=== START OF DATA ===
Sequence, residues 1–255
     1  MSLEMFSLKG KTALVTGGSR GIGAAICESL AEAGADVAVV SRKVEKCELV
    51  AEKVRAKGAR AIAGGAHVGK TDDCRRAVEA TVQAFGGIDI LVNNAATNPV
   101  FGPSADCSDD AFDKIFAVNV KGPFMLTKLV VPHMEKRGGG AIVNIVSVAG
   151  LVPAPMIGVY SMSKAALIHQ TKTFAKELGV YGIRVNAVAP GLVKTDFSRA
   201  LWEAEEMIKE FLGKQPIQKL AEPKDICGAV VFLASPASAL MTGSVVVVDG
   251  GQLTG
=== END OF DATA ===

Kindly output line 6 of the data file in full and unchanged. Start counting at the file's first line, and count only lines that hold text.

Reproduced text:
   201  LWEAEEMIKE FLGKQPIQKL AEPKDICGAV VFLASPASAL MTGSVVVVDG